So you’ve decided to go vegan – that’s amazing! Your decision will help reduce animal suffering, protect the planet, save others and improve your own health. We have everything you need to get started.
Over the last ten years, a vegan revolution has been gathering pace and now it couldn’t be easier to be vegan. Supermarkets, pubs, cafes and restaurants are falling over themselves to get the widest range of vegan products. This is great news as it’s now easy to shop, eat and live vegan wherever you are.
When transitioning to veganism, it’s important to do it at your own pace and make sure you get the essential nutrients. So as tempting as it is, don’t just head for the vegan junk food! Keep reminding yourself why you’ve chosen to go vegan by reading up on veganism, visiting or volunteering for a sanctuary, watching positive documentaries, and appreciating the health benefits.
You would be surprised how easy it is to make your favourite meals and treats — such as spaghetti bolognese, chilli, stir-fries, pancakes, cakes — deliciously vegan!
The key is choosing healthy substitutes, such as tofu and other ‘mock meats’, beans, peas, lentils, wholegrain products (brown rice, oats, wholegrain bread), plenty of fruit and vegetables – including dark green leafy veggies, plant milks, nuts and seeds. Find which you like and then simply swap these into your favourite recipes.
Most people have about seven or eight dishes that they cook regularly and, surprise surprise, vegetarians and vegans are no different.
Download our guide to transforming your everyday meals into vegan feasts!
We also have tons of recipes on the Vegan Recipe Club and you can get an extra helping hand with our seven-day and thirty-day challenge, V7 and V30.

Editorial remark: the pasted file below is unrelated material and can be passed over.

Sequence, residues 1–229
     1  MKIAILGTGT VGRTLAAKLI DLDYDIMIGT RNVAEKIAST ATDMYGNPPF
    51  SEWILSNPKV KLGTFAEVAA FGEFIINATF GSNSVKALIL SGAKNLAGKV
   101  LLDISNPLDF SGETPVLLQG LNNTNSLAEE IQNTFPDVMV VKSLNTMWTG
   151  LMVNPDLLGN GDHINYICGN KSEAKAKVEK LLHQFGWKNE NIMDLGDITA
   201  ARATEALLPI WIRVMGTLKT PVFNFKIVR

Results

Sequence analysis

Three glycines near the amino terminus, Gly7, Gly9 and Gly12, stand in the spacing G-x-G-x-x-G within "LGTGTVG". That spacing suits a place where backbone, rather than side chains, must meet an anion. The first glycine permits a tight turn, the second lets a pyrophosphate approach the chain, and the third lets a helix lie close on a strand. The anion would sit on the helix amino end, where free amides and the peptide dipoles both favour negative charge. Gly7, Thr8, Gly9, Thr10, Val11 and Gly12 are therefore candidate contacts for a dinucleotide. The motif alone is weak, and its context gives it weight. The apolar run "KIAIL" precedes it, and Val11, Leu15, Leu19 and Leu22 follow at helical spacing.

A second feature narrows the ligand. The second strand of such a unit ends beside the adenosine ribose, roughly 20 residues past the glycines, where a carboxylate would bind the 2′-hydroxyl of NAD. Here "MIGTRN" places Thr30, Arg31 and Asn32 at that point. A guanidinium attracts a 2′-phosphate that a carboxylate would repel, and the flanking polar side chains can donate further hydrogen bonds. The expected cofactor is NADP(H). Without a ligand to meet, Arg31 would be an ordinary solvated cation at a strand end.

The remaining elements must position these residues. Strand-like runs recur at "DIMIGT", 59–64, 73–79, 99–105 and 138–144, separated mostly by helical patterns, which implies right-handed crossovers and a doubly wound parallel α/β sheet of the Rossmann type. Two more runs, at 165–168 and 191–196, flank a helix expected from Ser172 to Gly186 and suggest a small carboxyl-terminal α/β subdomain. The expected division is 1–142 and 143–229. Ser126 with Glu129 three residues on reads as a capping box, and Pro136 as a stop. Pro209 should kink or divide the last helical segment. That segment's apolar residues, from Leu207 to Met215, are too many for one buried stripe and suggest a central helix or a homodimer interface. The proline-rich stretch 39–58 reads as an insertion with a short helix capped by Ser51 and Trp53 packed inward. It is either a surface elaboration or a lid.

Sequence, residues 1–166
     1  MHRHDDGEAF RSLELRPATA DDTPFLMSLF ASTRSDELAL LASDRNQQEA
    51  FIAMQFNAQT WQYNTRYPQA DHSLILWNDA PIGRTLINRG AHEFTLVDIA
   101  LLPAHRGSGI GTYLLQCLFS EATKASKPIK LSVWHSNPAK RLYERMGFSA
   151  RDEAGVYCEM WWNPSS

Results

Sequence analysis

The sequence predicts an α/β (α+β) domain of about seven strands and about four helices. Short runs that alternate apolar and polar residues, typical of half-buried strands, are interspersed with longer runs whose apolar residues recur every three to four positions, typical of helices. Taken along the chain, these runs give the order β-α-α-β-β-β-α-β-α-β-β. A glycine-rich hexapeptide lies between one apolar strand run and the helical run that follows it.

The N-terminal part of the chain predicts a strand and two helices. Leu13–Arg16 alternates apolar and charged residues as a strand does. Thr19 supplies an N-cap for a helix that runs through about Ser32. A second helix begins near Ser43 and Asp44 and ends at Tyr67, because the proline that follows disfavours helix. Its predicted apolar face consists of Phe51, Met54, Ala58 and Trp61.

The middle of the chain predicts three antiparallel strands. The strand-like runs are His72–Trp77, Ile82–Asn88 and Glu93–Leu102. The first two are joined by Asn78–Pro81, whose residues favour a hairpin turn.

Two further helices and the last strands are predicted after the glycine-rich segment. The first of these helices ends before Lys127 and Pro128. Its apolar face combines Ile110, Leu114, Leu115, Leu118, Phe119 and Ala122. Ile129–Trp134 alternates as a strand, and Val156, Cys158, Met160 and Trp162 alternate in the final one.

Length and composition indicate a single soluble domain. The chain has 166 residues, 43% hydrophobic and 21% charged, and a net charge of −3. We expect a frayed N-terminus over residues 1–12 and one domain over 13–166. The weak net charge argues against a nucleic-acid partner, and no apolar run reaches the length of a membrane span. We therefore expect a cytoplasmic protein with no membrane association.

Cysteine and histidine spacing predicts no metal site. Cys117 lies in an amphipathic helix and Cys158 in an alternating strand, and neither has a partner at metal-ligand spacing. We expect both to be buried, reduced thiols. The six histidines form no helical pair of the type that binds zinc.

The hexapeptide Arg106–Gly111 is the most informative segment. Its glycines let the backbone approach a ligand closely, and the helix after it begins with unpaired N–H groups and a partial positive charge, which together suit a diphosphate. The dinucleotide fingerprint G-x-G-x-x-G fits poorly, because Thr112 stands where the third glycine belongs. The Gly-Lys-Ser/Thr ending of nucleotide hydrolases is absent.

There’s no denying that when you go vegan, you sometimes find yourself craving products which are non-vegan, such as cheese. The good news is that these fade over time and nowadays, there are so many vegan products which can fulfil your cravings.
Here are some quick swaps:
- Cheese: The truth is, cheese addiction is real and once you break free from it, the cravings stop. But why? Read our full guide to vegan cheese.
- Eggs: Explore the different kinds of tofu. In particular, use silken tofu for sauces, quiches and desserts such as mousse or cheesecake firmer varieties for stir-fries, and salads. If you miss your morning scrambled egg on toast, try scrambling tofu instead. And check out Aquafaba, the current big foodie secret. Simple, cheap and amazing. And not forgetting vegan baking, we have a great egg replacement chart here. Or check out our vegan’s guide to eggs.
- Milk: We have a full guide to plant-milk here. It’s easy to replace cow’s milk with soya, almond, oat or rice. There are other non-dairy milks available such as hemp, coconut and hazelnut – try them and see what suits you!
- Chocolate: Who doesn’t love chocolate! Vegan chocolate is as diverse and delicious as non-vegan chocolate. Find out more about our top vegan chocolate picks.
Be prepared to explore a whole new world of recipes! From curries to cakes, anything you can eat, we can make vegan. The best thing is that all our recipes are tried and tested. So you can trust that they’re going to be delicious.
There’s a popular technique to help with going vegan called ‘crowding’. It basically means rather than completely cutting out animal products all at once, you keep seeking out and trying new vegan dishes.When you find something you love, you save this product/recipe and incorporate it into your weekly dishes. Eventually you’ll replace all the animal products with new and delicious foods.